Most of our favorite holidays fall on a specific calendar date each year. Easter, however, is moveable feast, which means that its date shifts across the Spring calendar according to an ancient formula.
THE CRUCIFIXION DATE
According to the Christian Bible, the death and resurrection of Jesus Christ took place in the Spring during the week of the Jewish Passover. The Passover, which is also a moveable feast, was celebrated on the first Full Moon after the Spring Equinox.
As Christianity grew in popularity throughout the Roman Empire, religious leaders wanted to distance itself from their Jewish roots and celebrate Easter on different dates than the Passover. There was no consistency when it came to a date, though. By the end of the 2nd century CE, some Christians celebrated Easter on the same day as Passover, but others celebrated on the following Sunday so they could avoid any association with Passover.
CREATING A UNIFORM RELIGION
Most of the Roman emperors by that time were using the Christian religion to unite the people across their vast empire, so these differences were unacceptable. In 325 CE, the Council of Nicaea met to create consensus over important issues within the Christian religion. Chief among the issues they tackled was creating a uniform Christian statement of belief, which was called the Nicaean Creed. Another was settling the issue of the divine nature of God the Son. And then, there was the issue of the date for Easter.
As for the date of Easter, the Council of Nicaea enacted two primary rules: it must be independent from the Jewish calendar, and it must be observed the same worldwide. However, there was no formula for determining a date given by this Council. This was worked out in a process that took centuries and plenty of controversy along the way. In fact, the Council didn’t even decree that the holiday be celebrated on a Sunday, although that was already a widespread practice.
A CALENDAR FORMULA
In 725 CE, Saint Bede put a formula into writing. It said, “The Sunday following the Full Moon which falls on or after the equinox will give the lawful Easter.”
Even this left some room for interpretation, as the Spring Equinox can vary by a few days. At this time, the Church used March 21 as the beginning point, finding the Full Moon that came on or after that date.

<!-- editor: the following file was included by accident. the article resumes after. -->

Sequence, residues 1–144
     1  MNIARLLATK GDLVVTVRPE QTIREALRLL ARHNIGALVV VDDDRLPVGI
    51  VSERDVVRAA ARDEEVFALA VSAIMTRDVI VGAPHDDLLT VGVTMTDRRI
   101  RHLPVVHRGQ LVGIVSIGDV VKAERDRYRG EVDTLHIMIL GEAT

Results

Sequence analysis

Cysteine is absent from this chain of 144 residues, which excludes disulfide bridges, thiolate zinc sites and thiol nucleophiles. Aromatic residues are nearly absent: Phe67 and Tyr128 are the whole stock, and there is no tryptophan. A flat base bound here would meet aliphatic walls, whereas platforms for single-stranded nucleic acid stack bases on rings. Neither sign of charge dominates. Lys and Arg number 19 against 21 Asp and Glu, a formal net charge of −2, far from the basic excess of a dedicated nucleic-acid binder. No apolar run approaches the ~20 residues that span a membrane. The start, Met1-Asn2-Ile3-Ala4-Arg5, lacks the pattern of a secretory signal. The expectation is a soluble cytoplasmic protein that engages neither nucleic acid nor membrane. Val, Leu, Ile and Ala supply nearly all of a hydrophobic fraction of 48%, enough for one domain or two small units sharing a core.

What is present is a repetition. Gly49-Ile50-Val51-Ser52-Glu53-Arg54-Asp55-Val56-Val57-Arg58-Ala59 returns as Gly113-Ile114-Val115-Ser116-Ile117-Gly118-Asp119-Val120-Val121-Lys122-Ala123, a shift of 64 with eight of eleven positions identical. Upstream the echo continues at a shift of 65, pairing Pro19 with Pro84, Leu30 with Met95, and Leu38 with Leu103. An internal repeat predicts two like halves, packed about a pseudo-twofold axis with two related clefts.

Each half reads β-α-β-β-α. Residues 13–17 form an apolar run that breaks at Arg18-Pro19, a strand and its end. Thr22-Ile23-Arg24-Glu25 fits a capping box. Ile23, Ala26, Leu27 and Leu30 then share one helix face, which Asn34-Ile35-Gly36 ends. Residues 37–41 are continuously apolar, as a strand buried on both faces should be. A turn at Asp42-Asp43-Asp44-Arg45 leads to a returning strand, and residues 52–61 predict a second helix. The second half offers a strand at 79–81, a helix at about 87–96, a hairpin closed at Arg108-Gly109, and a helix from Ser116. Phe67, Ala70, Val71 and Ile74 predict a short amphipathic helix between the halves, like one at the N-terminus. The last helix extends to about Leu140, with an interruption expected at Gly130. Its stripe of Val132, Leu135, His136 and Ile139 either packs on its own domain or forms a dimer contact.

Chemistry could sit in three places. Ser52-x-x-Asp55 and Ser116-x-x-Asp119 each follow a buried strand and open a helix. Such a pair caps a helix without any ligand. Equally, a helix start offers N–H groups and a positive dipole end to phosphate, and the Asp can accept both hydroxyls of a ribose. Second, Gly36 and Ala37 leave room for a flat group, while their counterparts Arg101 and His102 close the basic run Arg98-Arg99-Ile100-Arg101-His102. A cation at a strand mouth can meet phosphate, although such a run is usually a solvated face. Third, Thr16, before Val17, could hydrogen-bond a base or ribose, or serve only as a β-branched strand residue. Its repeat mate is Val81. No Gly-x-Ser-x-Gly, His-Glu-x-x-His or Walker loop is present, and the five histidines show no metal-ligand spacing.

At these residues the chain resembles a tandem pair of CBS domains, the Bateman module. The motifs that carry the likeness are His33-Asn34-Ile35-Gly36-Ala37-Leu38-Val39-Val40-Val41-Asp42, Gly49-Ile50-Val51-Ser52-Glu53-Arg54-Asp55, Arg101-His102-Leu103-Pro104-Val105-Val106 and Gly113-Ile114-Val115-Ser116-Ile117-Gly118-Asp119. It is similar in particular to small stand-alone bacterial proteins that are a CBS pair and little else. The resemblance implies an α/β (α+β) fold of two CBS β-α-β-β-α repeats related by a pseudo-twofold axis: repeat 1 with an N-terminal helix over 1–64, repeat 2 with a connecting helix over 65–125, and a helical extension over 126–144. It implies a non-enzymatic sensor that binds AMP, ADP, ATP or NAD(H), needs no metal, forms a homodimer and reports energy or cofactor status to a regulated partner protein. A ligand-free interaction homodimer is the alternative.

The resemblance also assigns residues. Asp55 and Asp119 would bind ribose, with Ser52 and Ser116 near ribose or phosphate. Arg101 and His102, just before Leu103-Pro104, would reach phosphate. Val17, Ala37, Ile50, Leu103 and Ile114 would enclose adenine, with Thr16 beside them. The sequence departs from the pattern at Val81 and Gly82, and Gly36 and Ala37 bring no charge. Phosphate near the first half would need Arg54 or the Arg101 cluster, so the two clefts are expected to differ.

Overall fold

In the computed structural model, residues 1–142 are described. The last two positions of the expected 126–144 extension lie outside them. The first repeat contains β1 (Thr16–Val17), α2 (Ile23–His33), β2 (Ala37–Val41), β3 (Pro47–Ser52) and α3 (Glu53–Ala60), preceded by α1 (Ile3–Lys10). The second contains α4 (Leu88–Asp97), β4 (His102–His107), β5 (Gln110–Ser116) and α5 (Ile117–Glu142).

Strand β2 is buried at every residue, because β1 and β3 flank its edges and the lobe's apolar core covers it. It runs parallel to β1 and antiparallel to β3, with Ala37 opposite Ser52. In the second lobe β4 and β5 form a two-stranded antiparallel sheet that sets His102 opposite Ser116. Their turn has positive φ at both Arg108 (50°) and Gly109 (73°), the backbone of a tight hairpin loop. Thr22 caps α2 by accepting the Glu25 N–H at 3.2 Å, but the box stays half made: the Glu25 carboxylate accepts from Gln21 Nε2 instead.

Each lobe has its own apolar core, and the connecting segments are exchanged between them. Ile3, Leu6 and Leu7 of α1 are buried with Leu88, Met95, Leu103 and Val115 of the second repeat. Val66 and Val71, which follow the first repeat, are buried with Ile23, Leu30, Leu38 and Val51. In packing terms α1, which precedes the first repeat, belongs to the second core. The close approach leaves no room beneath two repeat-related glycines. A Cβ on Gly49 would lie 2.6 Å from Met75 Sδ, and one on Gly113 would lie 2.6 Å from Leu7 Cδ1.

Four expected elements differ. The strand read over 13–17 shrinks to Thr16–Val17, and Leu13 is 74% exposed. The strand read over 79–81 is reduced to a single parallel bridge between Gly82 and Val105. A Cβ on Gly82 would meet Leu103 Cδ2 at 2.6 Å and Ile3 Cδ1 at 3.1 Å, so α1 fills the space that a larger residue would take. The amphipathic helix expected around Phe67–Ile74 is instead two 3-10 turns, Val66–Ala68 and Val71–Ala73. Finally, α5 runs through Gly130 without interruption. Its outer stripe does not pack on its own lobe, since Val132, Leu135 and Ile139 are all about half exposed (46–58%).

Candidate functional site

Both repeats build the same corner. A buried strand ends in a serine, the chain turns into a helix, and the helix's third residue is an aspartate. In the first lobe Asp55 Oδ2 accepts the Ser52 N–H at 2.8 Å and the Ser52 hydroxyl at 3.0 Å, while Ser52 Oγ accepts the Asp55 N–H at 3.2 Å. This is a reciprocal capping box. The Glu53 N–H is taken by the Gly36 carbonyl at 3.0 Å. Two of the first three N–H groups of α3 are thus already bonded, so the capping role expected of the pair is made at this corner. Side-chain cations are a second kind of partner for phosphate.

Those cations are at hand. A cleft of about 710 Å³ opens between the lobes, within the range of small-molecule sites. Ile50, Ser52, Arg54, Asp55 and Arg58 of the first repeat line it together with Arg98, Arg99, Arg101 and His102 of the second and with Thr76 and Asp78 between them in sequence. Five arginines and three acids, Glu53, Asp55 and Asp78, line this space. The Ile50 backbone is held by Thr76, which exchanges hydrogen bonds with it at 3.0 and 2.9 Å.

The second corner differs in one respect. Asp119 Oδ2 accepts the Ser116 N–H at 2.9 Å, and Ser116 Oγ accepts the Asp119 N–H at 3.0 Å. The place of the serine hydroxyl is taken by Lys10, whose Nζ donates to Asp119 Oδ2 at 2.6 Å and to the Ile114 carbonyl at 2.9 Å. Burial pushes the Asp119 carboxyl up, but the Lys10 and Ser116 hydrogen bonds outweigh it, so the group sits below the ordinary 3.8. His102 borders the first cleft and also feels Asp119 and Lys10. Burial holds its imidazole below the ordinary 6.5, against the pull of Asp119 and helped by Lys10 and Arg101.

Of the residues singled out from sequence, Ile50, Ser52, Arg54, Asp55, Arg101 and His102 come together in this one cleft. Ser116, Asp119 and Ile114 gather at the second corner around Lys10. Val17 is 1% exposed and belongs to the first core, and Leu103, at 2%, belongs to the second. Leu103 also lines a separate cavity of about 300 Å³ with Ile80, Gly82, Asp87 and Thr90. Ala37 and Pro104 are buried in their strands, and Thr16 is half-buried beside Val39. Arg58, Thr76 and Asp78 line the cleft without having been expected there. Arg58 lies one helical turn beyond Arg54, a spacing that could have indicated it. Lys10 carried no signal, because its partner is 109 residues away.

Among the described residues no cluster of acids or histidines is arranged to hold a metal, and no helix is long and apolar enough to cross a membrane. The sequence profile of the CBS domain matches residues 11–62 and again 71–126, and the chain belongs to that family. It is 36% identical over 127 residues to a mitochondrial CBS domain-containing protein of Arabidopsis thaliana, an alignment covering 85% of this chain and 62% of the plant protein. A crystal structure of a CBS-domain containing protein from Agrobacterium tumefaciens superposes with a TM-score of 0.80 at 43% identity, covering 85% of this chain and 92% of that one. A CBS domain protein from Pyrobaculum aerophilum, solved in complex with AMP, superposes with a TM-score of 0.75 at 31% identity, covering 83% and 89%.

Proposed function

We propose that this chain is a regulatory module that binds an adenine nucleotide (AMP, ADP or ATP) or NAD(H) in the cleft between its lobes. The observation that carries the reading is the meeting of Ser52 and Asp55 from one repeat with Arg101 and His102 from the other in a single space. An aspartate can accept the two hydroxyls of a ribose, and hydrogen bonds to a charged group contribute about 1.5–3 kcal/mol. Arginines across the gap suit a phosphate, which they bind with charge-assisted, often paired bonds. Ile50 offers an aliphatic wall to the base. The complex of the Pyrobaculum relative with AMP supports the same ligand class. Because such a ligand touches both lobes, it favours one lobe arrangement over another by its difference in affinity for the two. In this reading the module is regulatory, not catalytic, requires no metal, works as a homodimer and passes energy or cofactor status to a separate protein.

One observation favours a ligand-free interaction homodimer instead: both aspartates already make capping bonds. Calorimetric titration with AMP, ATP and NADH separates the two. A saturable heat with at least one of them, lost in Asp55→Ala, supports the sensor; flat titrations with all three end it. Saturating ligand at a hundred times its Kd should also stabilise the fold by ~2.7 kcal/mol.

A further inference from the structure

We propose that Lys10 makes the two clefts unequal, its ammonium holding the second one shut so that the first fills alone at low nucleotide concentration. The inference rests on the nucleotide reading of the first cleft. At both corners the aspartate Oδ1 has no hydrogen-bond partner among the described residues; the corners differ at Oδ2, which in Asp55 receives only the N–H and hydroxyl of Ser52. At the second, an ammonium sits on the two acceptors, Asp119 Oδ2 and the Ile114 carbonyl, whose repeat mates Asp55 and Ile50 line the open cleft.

Today, the formula most widely used for finding the date of Easter follows the writing of Saint Bede. Here is how it would work this year (2021):
- Start with the prescribed date for the Spring Equinox on March 21 (even though this year, the astronomical date for the equinox was March 20).
- Find the date of the Full Moon that is on or after the first day of Spring. This year, that date was March 28.
- Find the Sunday that comes after that Full Moon. Since the Full Moon was on a Sunday this year, you will jump forward to the following Sunday, which is April 4. That is the date for Easter 2021.
FURTHER CALENDAR DEBATES
This method is not without continued controversy to this day. In 1928, the United Kingdom tried to officially change the date to the first Sunday after the second Saturday in April. Although it is on the Statute books, it has never been implemented. But it could be!
In 1997, the World Council of Churches met in Syria and proposed a reform that would have acknowledged actual astronomical occurrences of the Spring Equinox and the Full Moon as observed from Jerusalem in Israel. Not a single member of the Council adopted this reform.
In 2016, another reform was suggested with the second or third Sunday of April being popular suggestions. However, nothing came of this.
To further complicate the issue, the Western Church follows the Gregorian calendar (the one you and I are accustomed to using in our everyday lives), while the Eastern Church (Western Asia, Egypt, Northeastern Africa, Southeastern Europe, and a few other locations) uses the Julian calendar to determine religious holidays and observances. The Julian calendar is the one that preceded the modern, widely accepted Gregorian calendar.
It’s quite amazing how complicated it is to place a single holiday on the calendar.